Some would say that it is depressing. I would argue that it’s not depressing, it just confronts real difficulties of life without feeling overly weighted or just ‘being deep for the sake of it’. You can tell that Cooper is genuine. The writing on his blog is honest and frank. His dedication and belief in the power and importance of his music comes across as he seems to approach album making meticulously. He describes periods of little sleep and his need to cut himself off from the outside world when recording. This seems to me to be an effective method for emotionally engaging songs, as was the same method used for one of my favourites, The Airborne Toxic Events’ ‘Sometime Around Midnight’.  He lacks pretentiousness. His lyrics are deep and meaningful but aren’t provocative. Not to say that they aren’t emotional.

The fact that he chose to narrate a fictional family, for me, says many things; he wants to speak through many dimensions. He seeks to unravel the complications of family relationships; to empathise with many roles. The imaginary characters and scenarios are often loosely based on people he knows in real life. Whether he is taking on the persona of a child with asberges in ‘The Mute’ or a father returning to his family with a severely impaired memory in ‘From the Mouth of an Injured Head’, he does so with integrity, convincingly so. Making songs kinda impersonal makes them universally engaging. Creating a narrative is an abstract way of expressing yourself ambiguously. For a one person band, the idea of exposing the self can be daunting.

Interestingly, Cooper chose only to use instruments that would have been available in the period of the story, demonstrating his desire to fully engage in the role playing aspect of his method. His album has the refined quality of  the band ‘The National’, yet the homemade ethos of ‘The Mountain Goats’. If you like either of these bands, or just fancy something to get you thinking, you MUST give this a listen.

Rowan Mills

Album Review: The Civil Wars – ‘The Civil Wars’


The Americana folk duo of Joy Williams and John Paul White enjoyed Grammy Award success with their debut album, cheap ‘Barton Hollow’, cialis back in 2011. However, their self-titled follow up album makes me question, where did it all go wrong?


First off, it isn’t an album. In the November of 2012, the duo split over ‘internal discord and irreconcilable differences of ambition’, the irony of which is still both amusing and poetic to this day. This resulted in the August 2013 release of ‘The Civil Wars’ appearing as little more than a compilation of songs Colombia Records pulled together in order to make some money off their now fruitless investment.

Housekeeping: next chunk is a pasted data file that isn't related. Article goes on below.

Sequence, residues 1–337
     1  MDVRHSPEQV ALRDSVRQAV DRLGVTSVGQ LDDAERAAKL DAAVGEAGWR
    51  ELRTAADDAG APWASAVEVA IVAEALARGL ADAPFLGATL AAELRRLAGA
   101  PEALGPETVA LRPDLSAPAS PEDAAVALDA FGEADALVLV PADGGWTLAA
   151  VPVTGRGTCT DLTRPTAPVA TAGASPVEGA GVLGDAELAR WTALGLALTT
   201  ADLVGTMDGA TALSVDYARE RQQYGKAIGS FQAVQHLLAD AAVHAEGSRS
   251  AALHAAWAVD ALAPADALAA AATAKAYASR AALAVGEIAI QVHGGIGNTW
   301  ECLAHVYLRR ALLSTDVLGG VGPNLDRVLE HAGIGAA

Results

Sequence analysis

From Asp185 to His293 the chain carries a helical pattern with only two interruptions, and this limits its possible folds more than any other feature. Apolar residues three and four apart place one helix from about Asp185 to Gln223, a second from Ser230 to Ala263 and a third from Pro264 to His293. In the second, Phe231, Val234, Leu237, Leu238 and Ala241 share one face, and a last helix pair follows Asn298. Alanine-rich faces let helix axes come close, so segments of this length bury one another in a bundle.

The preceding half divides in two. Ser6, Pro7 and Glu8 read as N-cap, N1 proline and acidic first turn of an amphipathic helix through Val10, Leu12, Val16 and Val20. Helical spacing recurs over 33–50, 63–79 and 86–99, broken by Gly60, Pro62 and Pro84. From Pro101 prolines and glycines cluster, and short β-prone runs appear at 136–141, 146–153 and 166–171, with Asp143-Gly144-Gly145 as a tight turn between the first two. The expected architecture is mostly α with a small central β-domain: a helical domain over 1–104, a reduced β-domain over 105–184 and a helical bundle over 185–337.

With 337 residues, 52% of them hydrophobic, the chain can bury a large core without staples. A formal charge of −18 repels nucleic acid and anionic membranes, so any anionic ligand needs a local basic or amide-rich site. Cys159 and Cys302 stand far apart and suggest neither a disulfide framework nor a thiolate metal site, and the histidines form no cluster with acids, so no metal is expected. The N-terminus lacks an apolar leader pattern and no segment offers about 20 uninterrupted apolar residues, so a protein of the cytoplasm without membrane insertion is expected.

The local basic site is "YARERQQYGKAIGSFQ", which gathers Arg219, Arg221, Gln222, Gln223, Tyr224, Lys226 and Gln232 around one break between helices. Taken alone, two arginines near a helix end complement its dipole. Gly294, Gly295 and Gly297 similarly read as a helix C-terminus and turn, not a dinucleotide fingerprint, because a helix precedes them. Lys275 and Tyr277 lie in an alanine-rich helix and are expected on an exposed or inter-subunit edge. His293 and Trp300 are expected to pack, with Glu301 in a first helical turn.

Consequentially, the album has no flow, but more irritatingly, the music itself fails to redeem this shortcoming. Don’t get me wrong; the talent of the pair is self-evident. The harmonies between the duo that dominate this record are something to behold, thrusting their heart aching lyrics at you with much aplomb, but unfortunately, they are so heavily polished that it removes some of the raw emotion, leaving you with safe, radio-friendly folk, that too often comes across as cheesy.


On top of this, but also in contrast, the instrumental accompaniments regularly seem to be too minimalistic, unable to back up the domineering vocals. When the music did pick up, however, the songs transformed into angst ridden power ballads, once again thanks to the over-production, leading only down avenues of further cheese and onwards towards visions of Disney soundtracks.


Having said this, it’s not all bad. Tracks which involve grittier guitar sounds, such as ‘I Had Me A Girl’, easily stand out, where the subtle howling of electric guitar fuzz perfectly matches the bluesy voice of John Paul White; their cover of The Smashing Pumpkins’ ‘Disarm’ is also a highlight. It’s a shame White’s vocal talents are not showcased nearly as prominently as on their debut album.


What little praise I have for this album is likely to fall on deaf ears, however, as it appears unlikely the duo will reunite. Maybe I just don’t like highly polished Americana folk albums, but then again maybe it’s not such a disappointment that The Civil Wars have had one of their own.



Charlie Pollard